Must have the family trained pretty good, we're 68 in the winter, sometimes with the fireplace running it will get up to 70 which feels like your walking in a blast furnace, could not imagine temps that high!

You would benefit from some air sealing maintenance and also humidification to make it more comfortable not to mention saving some $.
 
  #11  
Old 12-24-22, 05:56 AM
M
Member
Thread Starter
Join Date: Jan 2006
Location: NYC
Posts: 668
Received 5 Upvotes on 5 Posts
With a well insulated house that should be accurate, unfortunately for us, different story. only way for this old house will be to gut everything and totally insulate then put in new system but lack of finance for this has us doing whatever we can to survive.
 
  #12  
Old 12-24-22, 06:00 AM
R
Member
Join Date: Oct 2016
Posts: 2,137
Received 185 Upvotes on 169 Posts
DO NOT hire one of those cheap checkup services you see on billboards and hear on the radio. They are designed to get the companies foot in the door so they can sell you all kinds of equipment and parts. They are NOT designed to actually do any maintenance on your equipment.
You need a trustworthy company, preferably a small company with low overhead, to come in and do a full checkout. Its mandatory to check the heat exchanger in an old furnace. A crack or rot can cause carbon monoxide poisoning which can kill you. Or make you very sick.
 
Houston204, mikehende, Norm201 voted this post useful.
  #13  
Old 12-24-22, 06:37 AM
M
Member
Thread Starter
Join Date: Jan 2006
Location: NYC
Posts: 668
Received 5 Upvotes on 5 Posts
Thanks. I know another local repair guy who had repaired a bud's boiler last year who can do a checkup but wondering if I should call him "now" or wait unto after the winter or just before next winter please?
 
  #14  
Old 12-25-22, 09:14 AM
H
Member
Join Date: Nov 2012
Location: USA
Posts: 2,245
Received 277 Upvotes on 237 Posts
Originally Posted by mikehende
but on super cold and especially windy days, how high should I set it so as not to put too much strain on the heating system please?
Originally Posted by Geochurchi
​​​​​​setting the stat higher will just make the heater run longer to try and maintain the set point
I generally agree with Geochurchi-
BUT- if you have plumbing in or along an exterior wall (especially an addition) THEN you WILL want to up the temperature in that room (depending on how well insulated the wet-wall is).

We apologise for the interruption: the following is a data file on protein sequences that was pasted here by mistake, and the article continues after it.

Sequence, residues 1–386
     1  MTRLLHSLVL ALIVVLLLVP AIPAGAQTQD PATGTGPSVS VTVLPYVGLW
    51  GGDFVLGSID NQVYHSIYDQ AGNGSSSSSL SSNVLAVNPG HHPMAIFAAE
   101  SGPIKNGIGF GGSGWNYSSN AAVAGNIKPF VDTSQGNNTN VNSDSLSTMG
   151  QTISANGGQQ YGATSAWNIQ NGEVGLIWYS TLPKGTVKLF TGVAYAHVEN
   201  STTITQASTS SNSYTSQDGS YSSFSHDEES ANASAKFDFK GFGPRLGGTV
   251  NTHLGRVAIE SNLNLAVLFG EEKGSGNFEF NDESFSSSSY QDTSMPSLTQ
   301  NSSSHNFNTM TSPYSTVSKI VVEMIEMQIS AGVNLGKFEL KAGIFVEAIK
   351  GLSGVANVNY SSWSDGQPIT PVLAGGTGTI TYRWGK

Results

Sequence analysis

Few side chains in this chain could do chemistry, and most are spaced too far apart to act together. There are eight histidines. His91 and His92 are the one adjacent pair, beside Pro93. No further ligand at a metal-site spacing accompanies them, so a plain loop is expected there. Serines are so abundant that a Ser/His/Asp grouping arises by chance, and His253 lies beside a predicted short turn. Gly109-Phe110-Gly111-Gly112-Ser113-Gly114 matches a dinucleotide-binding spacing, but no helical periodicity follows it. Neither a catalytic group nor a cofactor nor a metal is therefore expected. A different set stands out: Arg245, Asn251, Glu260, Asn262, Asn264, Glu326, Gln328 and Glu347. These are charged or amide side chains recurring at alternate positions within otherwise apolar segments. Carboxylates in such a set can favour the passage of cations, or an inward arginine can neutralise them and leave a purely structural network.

Consider if you have an interior temperature of 72F and it is 32F outside, heat flow though the wall will put the center of the wall at around 52F (halfway between the inside / outside temperature). If you get down to single digits, say 2F then pipes in the center of the wall will start to freeze if the interior temperature drops below 62F, as the interior of the wall drops to 32set F. (Yes, this is a MAJOR oversimplification).

This is DRASTICALLY magnified if you have direct cold air drafts (e.g. you feel cold air leaking in through electric outlets). Oddly enough, this ALSO means that the normal best practice of "sealing electric outlets" can backfire because the cold air can 'fill up' the interior wall space and find its way to pipes in that wall.
 
mikehende voted this post useful.
  #15  
Old 12-25-22, 04:53 PM
S
Member
Join Date: Dec 2022
Posts: 30
Received 1 Upvote on 1 Post
Here is what I would do for an old furnace.

1. Buy a carbon monoxide detector and ut it close to the old furnace.

2. Do not tamper with it unless it is broken.

3. Set the shut off furnace temperature not too high. Let the furnace run a bit cooler when running.

4. Set the blower turn on temperature a bit lower.

5. Increase blower fan speed. That will run the heat exchanger a bit cooler

Basically make furnace run NOT TOO HOT.
 
mikehende voted this post useful.
  #16  
Old 12-26-22, 04:42 AM
M
Member
Thread Starter
Join Date: Jan 2006
Location: NYC
Posts: 668
Received 5 Upvotes on 5 Posts
Thanks Sam, will mention all that you've written whenever I should someone come here to do maintenance.

However guys, I am always a prevention is better than cure kind of guy so my belief is in checking the system "before" the winter season at least every couple of years, replacing any parts which might start showing signs of breakage, anyone here agree with this please?
 
 

Thread Tools
Search this Thread
 
Ask a Question
Question Title:
Description:
Your question will be posted in: